Julia Bradbury
Interview 13 June

Julia Bradbury: "If I’m going to do a challenge, it’s got to be the biggest mountain that I can tackle"

With her latest book out in paperback and her last TV walking series still fresh in our minds, we talk to Julia Bradbury about tackling the UK’s trails, trekking abroad, and just what it is she sticks in her ear when she flies

In your last TV series, Britain’s Best Walks, you trekked a mix of coast, hills and countryside. Did you have a favourite among these?

It’s impossible to say. Every walk has things you like about it. The ‘Yorkshire’ episode, for example, was about getting to the top of Pen-Y-Ghent, which is a proper walkers’ route and part of the Three Peaks Challenge.

It was wild and windy, as you’d expect, but also visually stunning; and we went via Hull Pot, so it was a classic fell walk, too. Whereas the ‘Rivers’ episode was set in north Devon and took in Exmoor National Park. It was completely idyllic, the sun was with us and it was just beautiful. So how do you pick?


Julia Bradbury

You mentioned the Three Peaks Challenge. Walking challenges tend to polarise people – what are your thoughts on them?

I can see their appeal. But, for me, if I’m going to do a challenge, it’s got to be the biggest mountain that I can tackle, just not necessarily in a certain time. What I enjoy is that feeling of accomplishment; of reaching the top of somewhere you’ve always wanted to summit.

Were there any walks that you wanted to film this series but couldn’t?

Always! We’re weather dependent, so we’re often trying to film in months that are going to be kind to us. That tends to be September or October, so we need to plan routes that all fit within six-to-eight weeks of travel.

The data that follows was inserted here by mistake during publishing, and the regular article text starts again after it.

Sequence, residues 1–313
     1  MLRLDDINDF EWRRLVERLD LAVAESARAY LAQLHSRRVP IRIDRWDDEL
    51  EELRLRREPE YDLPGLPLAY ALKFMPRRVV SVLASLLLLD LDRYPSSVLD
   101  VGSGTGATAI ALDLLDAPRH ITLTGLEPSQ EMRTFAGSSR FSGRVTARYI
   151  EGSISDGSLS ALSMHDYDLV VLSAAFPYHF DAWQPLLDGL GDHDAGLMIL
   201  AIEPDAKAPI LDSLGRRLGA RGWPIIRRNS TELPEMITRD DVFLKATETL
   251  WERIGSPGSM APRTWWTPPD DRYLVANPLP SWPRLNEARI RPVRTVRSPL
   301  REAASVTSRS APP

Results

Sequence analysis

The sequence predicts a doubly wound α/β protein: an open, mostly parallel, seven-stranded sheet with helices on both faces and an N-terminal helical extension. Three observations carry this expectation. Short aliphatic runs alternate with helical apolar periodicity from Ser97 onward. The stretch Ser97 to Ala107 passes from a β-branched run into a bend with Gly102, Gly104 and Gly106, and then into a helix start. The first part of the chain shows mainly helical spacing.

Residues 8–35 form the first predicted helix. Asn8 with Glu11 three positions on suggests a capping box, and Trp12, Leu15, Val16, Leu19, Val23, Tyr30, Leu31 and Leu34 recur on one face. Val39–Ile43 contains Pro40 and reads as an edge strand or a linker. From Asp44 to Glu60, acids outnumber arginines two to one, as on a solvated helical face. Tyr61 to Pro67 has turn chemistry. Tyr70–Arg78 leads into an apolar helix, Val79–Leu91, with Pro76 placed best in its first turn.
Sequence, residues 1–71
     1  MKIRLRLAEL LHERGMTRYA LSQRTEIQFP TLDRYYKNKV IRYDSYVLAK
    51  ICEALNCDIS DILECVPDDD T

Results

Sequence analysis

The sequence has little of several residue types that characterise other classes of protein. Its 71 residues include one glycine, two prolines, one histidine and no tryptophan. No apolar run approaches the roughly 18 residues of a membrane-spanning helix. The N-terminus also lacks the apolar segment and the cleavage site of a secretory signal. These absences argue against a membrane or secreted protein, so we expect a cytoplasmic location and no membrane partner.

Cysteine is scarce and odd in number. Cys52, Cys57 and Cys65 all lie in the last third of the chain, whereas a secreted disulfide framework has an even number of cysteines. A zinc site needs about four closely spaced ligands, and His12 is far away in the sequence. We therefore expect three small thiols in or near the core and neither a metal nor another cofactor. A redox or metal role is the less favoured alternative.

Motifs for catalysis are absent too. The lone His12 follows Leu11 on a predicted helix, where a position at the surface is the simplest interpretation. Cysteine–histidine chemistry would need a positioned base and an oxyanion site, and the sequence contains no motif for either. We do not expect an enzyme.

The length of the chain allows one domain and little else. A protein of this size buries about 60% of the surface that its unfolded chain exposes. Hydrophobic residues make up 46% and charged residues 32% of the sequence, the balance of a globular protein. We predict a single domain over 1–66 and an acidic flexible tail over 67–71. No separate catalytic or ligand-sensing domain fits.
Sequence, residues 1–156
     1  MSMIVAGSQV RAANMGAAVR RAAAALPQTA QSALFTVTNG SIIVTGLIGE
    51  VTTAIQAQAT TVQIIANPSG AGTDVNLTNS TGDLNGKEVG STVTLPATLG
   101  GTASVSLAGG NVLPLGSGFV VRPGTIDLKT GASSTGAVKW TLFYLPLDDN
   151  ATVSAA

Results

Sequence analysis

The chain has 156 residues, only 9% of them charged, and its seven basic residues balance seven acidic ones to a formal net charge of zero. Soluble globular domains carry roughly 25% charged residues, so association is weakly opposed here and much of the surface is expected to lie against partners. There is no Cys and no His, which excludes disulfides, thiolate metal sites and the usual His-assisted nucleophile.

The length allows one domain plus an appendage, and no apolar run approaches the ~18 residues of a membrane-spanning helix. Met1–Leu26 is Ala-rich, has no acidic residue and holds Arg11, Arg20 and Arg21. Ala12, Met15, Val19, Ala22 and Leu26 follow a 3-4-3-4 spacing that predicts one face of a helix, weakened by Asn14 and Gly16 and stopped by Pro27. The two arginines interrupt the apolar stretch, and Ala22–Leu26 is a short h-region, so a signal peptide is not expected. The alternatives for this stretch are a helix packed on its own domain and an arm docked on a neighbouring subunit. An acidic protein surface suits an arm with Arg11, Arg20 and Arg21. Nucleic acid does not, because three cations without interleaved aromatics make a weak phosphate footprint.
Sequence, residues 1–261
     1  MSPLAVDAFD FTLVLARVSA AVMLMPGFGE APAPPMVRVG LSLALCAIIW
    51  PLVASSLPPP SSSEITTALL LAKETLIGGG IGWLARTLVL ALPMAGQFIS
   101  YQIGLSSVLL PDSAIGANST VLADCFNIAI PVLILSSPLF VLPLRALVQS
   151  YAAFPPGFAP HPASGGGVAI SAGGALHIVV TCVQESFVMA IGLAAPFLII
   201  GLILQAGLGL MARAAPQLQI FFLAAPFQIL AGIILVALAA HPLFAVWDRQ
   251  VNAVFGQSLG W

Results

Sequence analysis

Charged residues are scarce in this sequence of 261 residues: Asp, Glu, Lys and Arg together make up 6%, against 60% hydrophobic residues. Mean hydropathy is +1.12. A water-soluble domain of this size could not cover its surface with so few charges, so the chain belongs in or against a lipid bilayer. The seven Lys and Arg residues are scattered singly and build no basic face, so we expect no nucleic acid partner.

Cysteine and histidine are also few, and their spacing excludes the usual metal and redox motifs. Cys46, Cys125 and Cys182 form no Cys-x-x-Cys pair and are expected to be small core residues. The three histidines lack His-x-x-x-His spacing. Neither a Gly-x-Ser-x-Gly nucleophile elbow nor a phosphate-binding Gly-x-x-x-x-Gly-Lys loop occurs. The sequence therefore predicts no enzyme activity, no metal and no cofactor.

In our recent Reader Travel Awards, Scotland would have won our Top Country category if it were not counted as part of the UK, while Wales also did well in our Top UK Destination section. Do you have any good walking tips for either?

Loch Lomond is a very attractive and beautiful walk, and pretty accessible for the whole family. It’s not exactly a rugged trail, but easily among the most scenic. As for Wales, I’ve always been a fan of Offa’s Dyke. I think there’s a lot of variety along this route, and it’s got a curious history – anything to do with myths and legends and gods is always good.


Loch Lomond, Scotland (Dreamstime)

If you could take the Best Walks show global, where would you go?

What we have an abundance of in the UK is variety. You’d have to go to South America – places like Argentina and Chile – to get a really good range of rivers, gorges and coastal areas.

What destinations do you think are emerging, and what do you pack first when going abroad?

Most people think of Australia as the Great Barrier Reef or Sydney. But I’ll be visiting Western Australia soon, spending time around Margaret River and Perth. For a lot of people, this is a new location to think about.

Also, the thing I pack first now is called the Human Charger – it emits a light into your ear that helps combat jetlag and overcome tiredness. But the real test of it may come on the flight to Perth.


Perth, Australia (Dreamstime)

What tips would you give readers who want to add more walking into their overseas trips?

Pre-planning can help but it really is about getting local knowledge while you’re there. Whether you’re backpacking or staying in hotels, you will want to contact your hosts and say, look, this is what I’d like to do, and ask the staff if there are any good trails in the area, or perhaps a good walking guide available.


Julia’s Unforgettable Walks is out now in paperback; £17. Visit The Outdoor Guide (theoutdoorguide.co.uk) or download the app for interactive maps of her walks.

Main image: Julia Bradbury